As the climate warms both the flora and fauna in the forest are being affected. The delicate orchids are especially at risk as they are dependent on there being misty days. I asked Giovanni Bello one of the guides in the MCFR about his take on how climate change is affecting it and he noted is that many flowers bloom earlier and birds are migrating up the mountain. One of the highlighted must-see stops on the way to the forest is the hummingbird garden where I was mesmerized watching the tiny birds zipping around my head. Their colors were so vivid – it would really be a shame if they were one day victims of the warming trends.
I also spoke with Dr. Alan Pounds, a scientist who has worked in MCFR since 1981. He reinforced the fact that there are more variables in the wet and dry season along with population changes (both decreases and abundances) and shifts in habitat in the fauna – most notably those of the anurans (frogs and toads) and lizards, You can read more about his studies in the forest by clicking here and here.
The bird populations are being affected too. As mentioned in The Weather Makers, by TIm Flannery, as the temperature warms the keel-billed toucans, generally a lowland bird, are moving up the mountain and they are predators of the eggs and young of the resplendent quetzal. I was there in the wrong season to see this colorful bird but I wonder if the next time I get to visit Costa RIca if there will be any left for me to spot.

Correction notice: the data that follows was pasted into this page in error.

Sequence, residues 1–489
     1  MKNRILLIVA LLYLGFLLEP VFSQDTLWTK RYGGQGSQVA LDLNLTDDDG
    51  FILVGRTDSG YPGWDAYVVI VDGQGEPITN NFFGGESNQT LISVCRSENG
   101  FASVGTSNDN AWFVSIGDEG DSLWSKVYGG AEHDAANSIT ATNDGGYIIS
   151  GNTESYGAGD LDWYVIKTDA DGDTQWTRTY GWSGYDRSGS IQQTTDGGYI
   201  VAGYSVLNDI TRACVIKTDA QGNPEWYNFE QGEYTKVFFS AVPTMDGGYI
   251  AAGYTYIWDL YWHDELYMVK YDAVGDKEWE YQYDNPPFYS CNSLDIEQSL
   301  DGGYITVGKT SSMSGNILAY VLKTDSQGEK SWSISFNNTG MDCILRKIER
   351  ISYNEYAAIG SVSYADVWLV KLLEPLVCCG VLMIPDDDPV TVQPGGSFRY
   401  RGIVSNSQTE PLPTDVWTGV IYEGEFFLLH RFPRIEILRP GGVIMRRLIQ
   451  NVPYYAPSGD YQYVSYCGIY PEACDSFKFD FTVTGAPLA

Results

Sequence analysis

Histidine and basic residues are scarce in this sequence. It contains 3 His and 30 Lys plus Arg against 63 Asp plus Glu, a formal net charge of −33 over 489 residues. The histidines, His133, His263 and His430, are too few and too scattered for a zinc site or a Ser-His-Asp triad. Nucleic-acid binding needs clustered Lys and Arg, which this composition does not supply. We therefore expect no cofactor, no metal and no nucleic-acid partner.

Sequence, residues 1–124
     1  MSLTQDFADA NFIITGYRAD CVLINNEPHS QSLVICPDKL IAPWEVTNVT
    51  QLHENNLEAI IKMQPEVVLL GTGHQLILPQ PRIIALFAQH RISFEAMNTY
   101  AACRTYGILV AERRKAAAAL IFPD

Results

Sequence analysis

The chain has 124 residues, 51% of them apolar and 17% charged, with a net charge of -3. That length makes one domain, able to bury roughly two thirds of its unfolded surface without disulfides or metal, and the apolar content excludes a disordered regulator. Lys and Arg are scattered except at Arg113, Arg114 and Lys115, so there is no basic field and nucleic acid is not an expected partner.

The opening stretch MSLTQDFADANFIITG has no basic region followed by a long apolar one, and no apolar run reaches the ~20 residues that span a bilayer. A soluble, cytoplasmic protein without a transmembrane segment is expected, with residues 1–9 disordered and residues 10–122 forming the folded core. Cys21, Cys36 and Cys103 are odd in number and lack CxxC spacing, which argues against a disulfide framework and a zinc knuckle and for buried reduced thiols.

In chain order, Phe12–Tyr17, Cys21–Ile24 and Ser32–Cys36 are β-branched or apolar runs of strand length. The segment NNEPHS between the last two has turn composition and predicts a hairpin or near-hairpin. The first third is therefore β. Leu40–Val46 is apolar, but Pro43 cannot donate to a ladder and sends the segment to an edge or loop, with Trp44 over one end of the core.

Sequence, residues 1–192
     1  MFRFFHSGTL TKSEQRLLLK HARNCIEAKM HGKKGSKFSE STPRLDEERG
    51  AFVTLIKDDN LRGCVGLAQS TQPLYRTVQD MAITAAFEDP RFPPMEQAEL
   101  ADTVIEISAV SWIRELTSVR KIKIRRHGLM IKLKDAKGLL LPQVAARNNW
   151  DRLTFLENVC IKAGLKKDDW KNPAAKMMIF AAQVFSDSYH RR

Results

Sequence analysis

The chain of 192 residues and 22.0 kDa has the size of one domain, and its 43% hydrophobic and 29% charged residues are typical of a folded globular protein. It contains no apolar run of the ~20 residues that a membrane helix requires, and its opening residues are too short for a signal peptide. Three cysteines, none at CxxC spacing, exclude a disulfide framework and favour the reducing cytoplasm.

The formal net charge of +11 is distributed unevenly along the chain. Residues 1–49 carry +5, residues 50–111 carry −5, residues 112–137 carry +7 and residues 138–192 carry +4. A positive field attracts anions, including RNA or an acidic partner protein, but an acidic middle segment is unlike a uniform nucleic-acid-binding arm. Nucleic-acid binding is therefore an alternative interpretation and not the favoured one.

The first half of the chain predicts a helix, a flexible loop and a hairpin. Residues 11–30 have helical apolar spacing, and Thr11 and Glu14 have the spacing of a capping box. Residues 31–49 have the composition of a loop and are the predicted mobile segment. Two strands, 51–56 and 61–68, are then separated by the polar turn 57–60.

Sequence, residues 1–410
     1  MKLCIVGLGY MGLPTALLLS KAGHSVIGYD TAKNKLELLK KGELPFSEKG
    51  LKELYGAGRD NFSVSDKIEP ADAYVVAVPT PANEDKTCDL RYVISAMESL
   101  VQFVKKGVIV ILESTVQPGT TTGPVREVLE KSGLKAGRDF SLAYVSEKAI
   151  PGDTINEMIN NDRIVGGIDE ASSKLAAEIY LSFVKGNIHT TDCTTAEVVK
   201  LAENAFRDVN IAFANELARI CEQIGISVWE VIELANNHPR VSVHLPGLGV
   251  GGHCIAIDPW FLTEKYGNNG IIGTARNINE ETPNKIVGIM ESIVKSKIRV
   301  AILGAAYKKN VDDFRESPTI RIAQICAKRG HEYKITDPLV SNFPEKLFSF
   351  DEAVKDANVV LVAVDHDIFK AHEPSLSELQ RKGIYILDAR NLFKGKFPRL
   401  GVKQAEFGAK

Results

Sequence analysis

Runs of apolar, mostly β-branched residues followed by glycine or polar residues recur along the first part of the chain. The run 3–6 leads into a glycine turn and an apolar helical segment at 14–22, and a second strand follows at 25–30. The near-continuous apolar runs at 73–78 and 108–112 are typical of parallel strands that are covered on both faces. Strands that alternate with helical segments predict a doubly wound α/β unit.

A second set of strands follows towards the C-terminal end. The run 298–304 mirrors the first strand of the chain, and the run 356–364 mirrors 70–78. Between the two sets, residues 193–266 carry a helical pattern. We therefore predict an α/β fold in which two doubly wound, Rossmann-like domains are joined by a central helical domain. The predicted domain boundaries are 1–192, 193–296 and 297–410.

In reference to the bigger picture of climate change Dr. Pounds believes that Costa Rica could go “carbon-neutral” fairly easily since they don’t use coal to heat their homes. The country is already using some hydroelectric and wind power but the biggest carbon dioxide contributor is transportation … one that’s tough to alter with our worldwide addiction to our cars and trucks. “I think we can reduce the impacts of climate change but since there are already forces we’ve set in motion it will take a long time to turn the ship around.”
While in Monteverde I stopped in at The Common Cup for some fresh roasted and brewed java. Master roaster Heyner Varela commented that climate change is starting to affect their crops as warmer temperatures are forcing their plants to blossom earlier which means the beans could lose some of their robustness. Thankfully the cup I had was good and robust to the last drop.
Since it’s difficult to show the changes that global warming is causing in many of the places I am photographing for this project (like the absent Golden Toad), I am striving to capture the existing beauty of places such as Monteverde. I hope that by showing them as they exist now that I can urge all of you and my future audiences to become more concerned about how climate change is affecting the world – either in your own backyard or someplace you have dreamed of visiting. Because if we don’t find ways to curb carbon emissions you may never get the chance to see these places in all their glory. I’m including examples of the many, many plants I photographed to share its dark beauty with you.